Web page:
I've got a theorem:For any set $A$ in a metric space: $\left(\overline{A}\right)'=A'$

and the book proves a corollary: $\overline{A}$ is closed.

The proof is this: $\left(\overline{A}\right)'=A'\subset \overline{A}$, meaning $\overline{A}$ is closed.

I think it's pretty obvious from the theorem but why they added $A'\subset \overline{A}$ to the proof? is there something I'm missing?


They’re using the fact that a set $S$ is closed if and only if it contains all of its limit points, i.e., if and only if $S'\subseteq S$. Thus, they can show that $\operatorname{cl}A$ is closed by showing that $(\operatorname{cl}A)'\subseteq\operatorname{cl}A$, and this is exactly what they’ve done.

  • $\begingroup$ Yes, but what is the role of $A'$ in here? $\endgroup$ Jul 3 '16 at 0:00
  • $\begingroup$ @José: They’re proving that $\operatorname{cl}A$ is closed as a corollary of the result that $(\operatorname{cl}A)'=A'$. Because they’ve already proved that, then know that $(\operatorname{cl}A)'=A'$, and they also know that $A'\subseteq\operatorname{cl}A$. Putting the two together, they deduce that $(\operatorname{cl}A)'=\operatorname{cl}A$, which is exactly what they needed in order to conclude that $\operatorname{cl}A$ is closed. $\endgroup$ Jul 3 '16 at 0:03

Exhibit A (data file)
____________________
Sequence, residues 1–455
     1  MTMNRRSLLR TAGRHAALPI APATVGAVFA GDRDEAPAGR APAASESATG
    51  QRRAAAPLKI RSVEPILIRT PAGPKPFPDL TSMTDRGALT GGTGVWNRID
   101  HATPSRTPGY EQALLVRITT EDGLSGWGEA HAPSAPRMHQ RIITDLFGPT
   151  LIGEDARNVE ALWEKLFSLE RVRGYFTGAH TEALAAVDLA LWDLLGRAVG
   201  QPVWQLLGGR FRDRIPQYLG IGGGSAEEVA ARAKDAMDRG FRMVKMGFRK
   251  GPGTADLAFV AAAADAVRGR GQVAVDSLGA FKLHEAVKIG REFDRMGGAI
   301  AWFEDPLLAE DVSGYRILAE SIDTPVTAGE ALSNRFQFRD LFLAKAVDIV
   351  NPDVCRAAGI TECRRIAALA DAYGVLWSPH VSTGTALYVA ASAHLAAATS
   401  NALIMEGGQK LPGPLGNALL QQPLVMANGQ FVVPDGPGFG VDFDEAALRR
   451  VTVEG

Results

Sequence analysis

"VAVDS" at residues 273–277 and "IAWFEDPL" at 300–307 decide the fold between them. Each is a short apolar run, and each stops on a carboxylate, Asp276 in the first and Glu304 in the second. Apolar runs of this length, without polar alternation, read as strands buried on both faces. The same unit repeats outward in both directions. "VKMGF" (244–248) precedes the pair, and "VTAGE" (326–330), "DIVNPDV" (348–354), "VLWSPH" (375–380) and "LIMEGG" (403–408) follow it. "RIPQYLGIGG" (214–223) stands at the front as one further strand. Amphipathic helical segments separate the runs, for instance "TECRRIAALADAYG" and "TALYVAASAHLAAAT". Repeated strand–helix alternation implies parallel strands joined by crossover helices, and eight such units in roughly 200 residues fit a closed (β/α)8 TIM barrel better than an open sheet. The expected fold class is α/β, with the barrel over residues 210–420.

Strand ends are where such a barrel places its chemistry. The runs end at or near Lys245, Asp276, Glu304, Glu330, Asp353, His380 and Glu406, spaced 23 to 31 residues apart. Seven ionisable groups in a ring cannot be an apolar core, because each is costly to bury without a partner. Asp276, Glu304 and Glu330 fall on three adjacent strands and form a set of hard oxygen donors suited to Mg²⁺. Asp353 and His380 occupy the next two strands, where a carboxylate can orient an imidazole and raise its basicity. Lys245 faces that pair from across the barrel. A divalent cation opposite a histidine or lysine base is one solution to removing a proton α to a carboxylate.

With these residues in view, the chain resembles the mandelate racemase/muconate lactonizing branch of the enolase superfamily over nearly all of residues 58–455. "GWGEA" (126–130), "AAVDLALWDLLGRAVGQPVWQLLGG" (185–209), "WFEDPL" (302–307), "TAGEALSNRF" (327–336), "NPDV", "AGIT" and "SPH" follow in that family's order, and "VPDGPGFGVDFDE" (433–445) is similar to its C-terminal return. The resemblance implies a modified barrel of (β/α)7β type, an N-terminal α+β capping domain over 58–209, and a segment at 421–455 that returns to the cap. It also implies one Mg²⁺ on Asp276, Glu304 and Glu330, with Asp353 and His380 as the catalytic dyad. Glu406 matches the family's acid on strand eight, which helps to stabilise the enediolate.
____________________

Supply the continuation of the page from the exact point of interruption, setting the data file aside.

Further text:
• $\begingroup$ AH I get it now -________- now I feel stupid $\endgroup$ Jul 3 '16 at 0:21
  • $\begingroup$ @José: Don’t beat yourself up too much: it happens to all of us from time to time. $\endgroup$ Jul 3 '16 at 0:29

I believe one reason people find math tricky is the shorthand proofs that textbooks favor which still require a lot of thought to fill in hidden assumptions and definitions. The proof is more obvious written this way...

A′⊂ cl A by definition of closure. Using the above theorem we replace A′ so (cl A)′ ⊂ cl A.

Therefore cl A is closed as it contains all its limit points.


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